Adidas Originals wanted to work with influencers to hype the launch of its P.O.D. shoe but didn’t want to just send a bunch of social media stars a box of shoes and hope they would post about them. Instead, the brand came up with a clever campaign to target specific influencers in New York and Los Angeles.
The brand worked with Clear Channel Outdoor to find 16 different billboard locations (eight in New York and eight in Los Angeles) and created personalized out-of-home ads for each influencer. The billboards included the influencer’s Instagram handle, a tailored message for them and a vague message about stopping by a local Adidas store to pick up a pair of shoes.
Adidas Originals was tired of how every brand seemed to approach working with influencers the same way, like sending product to influencers and hoping for an Instagram post. The brand wanted to do something different.
“For this, we wanted to spark conversation,” Pascha Naderi-Nejad, senior director Adidas Originals North America, said. “These guys are the real sneaker celebrities. We wanted to get a lot of user-generated content, and we wanted to get their following to actually hit them up and say, ‘Hey, there’s a billboard with your name on it. What’s that all about?'”
Naderi-Nejad noted that the brand has pretty close relationships with each of the influencers selected for this campaign, so it was able to create some truly personalized billboards. Tyler Glickman, for example, lives in New York and recently got married. Adidas made sure to include something about his wedding in his ad.
The brand targeted influencers Tony Mui, Brian Alcazar, Tyler Glickman, Seth Fowler, Brandon Jenkins, Pierre Karl, Greg Williams, Sofia Change, Kalysse Anthony, Qias Omar, Jacques Slade, Cole Younger, Will Nichols, Scott Reyes, Lexis Rother and Jessica Wu for the campaign. Billboards started going up in early June. All the influencers knew that something was coming but had no idea what to expect.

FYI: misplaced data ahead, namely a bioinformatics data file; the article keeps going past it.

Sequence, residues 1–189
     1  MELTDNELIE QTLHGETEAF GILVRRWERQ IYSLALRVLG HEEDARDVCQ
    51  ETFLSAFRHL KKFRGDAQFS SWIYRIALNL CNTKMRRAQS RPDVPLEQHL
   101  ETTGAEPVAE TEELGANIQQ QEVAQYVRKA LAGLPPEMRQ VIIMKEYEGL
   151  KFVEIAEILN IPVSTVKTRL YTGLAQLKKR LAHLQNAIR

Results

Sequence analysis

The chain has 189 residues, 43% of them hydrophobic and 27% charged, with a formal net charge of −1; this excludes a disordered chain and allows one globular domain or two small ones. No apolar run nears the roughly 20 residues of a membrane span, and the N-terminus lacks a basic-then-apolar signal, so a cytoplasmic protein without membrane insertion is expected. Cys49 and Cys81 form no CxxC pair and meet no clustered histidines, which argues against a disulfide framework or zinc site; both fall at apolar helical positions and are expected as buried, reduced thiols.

“We thought it would be a lot more interesting for them if their following were the ones actually pushing them to see their billboard or send them a picture of their billboard,”Naderi-Nejad said. “It was definitely a bet because we didn’t have certainty that their following was going to react.”
That meant location was key to ensure fans would actually catch a glimpse of the outdoor work.
“We tried to put these in high-traffic areas—not just high-traffic areas, but high-quality-traffic areas, meaning trying to get their consumer overlapped with our consumer,” Naderi-Nejad said. “So if it is a streetwear shopping center area, then try to get the unboxers there. If it’s something like a key, city opinion leader, then put it near a freeway that is going to have heavy traffic.”
After seeing the success of the first wave of the campaign, Adidas Originals decided to expand the program in the coming weeks. There will still be billboards in Los Angeles and New York, but instead of targeting influencers, the work will call out different neighborhoods. For the influencer side of the stunt, Adidas Originals plans to target a group of new social media stars in Miami, Atlanta and Chicago throughout July and August.